MontClairVoyant: Snow in the Fall, Chaos for All; More Housing Downtown, Making Us Frown

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DEAR MONTCLAIRVOYANT,
As if downtown wasn’t getting crammed enough, a 74-unit residential building could rise on Church Street. Comment?

Sincerely,
Ralph Crammed-In

If that part of Montclair gets any more developed, Manhattan might sue for plagiarism.

DEAR MONTCLAIRVOYANT,
Plus the units would surely be pricey, with at most just 10 percent of them reserved for desperately needed affordable housing. Thoughts?

Sincerely,
J.R.R. Token

That translates to 7.4 affordable units — meaning 40 percent of the 8th unit would be occupied by a lower-income family and 60 percent by an affluent family. Awkward. But I see a sitcom…

DEAR MONTCLAIRVOYANT,
Not funny was the November 15 snowstorm, the horrible commute home that day, and the closing of Montclair schools with very short notice the next morning. What do you make of it all?

Sincerely,
Weathering Heights

A number of neighboring districts announced November 16 school closings the night before. Then again, they had six inches of snow while Montclair only had three plus three inches of snow. Do the math.

DEAR MONTCLAIRVOYANT,
You joke, but what about work-outside-the-home parents who had to frantically make child-care arrangements at 8:15 that Friday morning?

Sincerely,
Dee Stressed

The district did offer some child care, but it was still a crazy scenario. Luckily I work from home, so I could be there for my 11-year-old daughter while humming “I’m dreaming of a white…National Button Day.”

DEAR MONTCLAIRVOYANT,
Yup, that holiday is on November 16. And Thanksgiving this year is November 22. Your family’s plans?

Sincerely,
The Cranberries

Eating at Veggie Heaven — even as plants covered by autumn snow were in Veggie Hell.

DEAR MONTCLAIRVOYANT,
Then, on November 30, the Montclair Women’s Club (in conjunction with the United Tastes of America) will host a lunch version of the Syria Supper Club that helps refugees adapt to their new lives in/near our town. How wonderful is that?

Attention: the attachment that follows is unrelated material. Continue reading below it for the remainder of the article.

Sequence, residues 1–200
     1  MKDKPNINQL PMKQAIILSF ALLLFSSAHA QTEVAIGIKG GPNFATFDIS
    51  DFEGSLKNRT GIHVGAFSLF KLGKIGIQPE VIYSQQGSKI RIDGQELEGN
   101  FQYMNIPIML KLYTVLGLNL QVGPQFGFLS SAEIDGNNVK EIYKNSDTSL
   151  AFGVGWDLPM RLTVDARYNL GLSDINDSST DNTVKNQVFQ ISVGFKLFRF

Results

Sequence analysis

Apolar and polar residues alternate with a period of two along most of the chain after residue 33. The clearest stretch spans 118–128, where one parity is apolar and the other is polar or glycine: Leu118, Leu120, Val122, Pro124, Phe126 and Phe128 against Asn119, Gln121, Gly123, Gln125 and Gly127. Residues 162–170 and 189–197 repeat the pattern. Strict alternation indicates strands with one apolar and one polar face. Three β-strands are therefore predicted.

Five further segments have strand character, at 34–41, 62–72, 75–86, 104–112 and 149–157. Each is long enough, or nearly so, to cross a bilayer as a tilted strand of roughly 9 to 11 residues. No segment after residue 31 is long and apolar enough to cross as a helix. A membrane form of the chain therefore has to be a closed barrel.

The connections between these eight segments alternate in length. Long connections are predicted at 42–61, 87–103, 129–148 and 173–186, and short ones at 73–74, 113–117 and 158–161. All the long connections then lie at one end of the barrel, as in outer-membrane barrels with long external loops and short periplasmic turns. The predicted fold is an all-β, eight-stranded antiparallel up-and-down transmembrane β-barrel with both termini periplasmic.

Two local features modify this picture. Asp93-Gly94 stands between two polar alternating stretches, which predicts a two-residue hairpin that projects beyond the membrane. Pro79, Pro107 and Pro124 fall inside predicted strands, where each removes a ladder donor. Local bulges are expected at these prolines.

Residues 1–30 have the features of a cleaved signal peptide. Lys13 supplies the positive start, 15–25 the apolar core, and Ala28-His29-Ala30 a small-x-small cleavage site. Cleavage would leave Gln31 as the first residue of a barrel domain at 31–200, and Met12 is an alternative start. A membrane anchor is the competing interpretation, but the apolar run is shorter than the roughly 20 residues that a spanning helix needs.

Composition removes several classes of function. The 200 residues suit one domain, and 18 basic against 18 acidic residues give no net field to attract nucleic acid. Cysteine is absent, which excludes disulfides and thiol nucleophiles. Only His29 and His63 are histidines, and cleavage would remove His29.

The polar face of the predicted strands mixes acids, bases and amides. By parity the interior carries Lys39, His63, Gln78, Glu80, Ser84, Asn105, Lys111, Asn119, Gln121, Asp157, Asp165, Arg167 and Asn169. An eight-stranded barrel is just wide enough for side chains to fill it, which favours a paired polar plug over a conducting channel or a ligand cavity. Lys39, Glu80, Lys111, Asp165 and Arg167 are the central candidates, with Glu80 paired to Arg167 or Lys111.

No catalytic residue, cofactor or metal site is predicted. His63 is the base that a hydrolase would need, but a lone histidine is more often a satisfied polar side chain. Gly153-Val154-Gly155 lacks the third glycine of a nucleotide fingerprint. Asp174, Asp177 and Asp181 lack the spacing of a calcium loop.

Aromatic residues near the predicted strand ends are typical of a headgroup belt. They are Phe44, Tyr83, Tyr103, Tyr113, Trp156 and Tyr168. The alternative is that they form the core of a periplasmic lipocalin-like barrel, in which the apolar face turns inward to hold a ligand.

Sincerely,
Emma Grintz

Heartening to see refugees treated with love and respect so different than the hatred from so-called “Christian” Republicans. The last straw is renaming Christmas “Trumpmas.” Ho…ho…NO!

DEAR MONTCLAIRVOYANT,
Not that the hates-to-read Trump would care, but the Montclair Public Library Foundation has launched a worthy campaign to raise $225,000. Will it meet its goal?

Sincerely,
Shelve-is Presley

Most probably, unlike Montclair rec-soccer players who couldn’t meet ANY goals (or goalies) after their November 17 games were canceled. At least there was plenty of advance notice.

Dave Astor, author, is the MontClairVoyant. His opinions about politics and local events are strictly his own and do not represent or reflect the views of Baristanet.

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23 COMMENTS

  1. Re: Hahne’s Redevelopment

    Yes, this Council is straight out of the post-WWII, Soviet land use politburo. Design? Vision? Nyet!
    But, hey, execute? Da!

    This ordinance is straight out of that classic Soviet land-use mindset. Density is a good thing. Height is a good thing. In a Communist state, all floors are created equal. Here in Montclair, we think the same way. The ground floor has no added value. It is just another level. So much so, we treat an accessory use – surface parking – on par with primary uses like apartments and stores.

    We’re not he brightest township, but there is a remnant group of intelligent residents that appreciate streetscape. They put it on a pedestal. Unfortunately, most Montclairions don’t even know what the term means.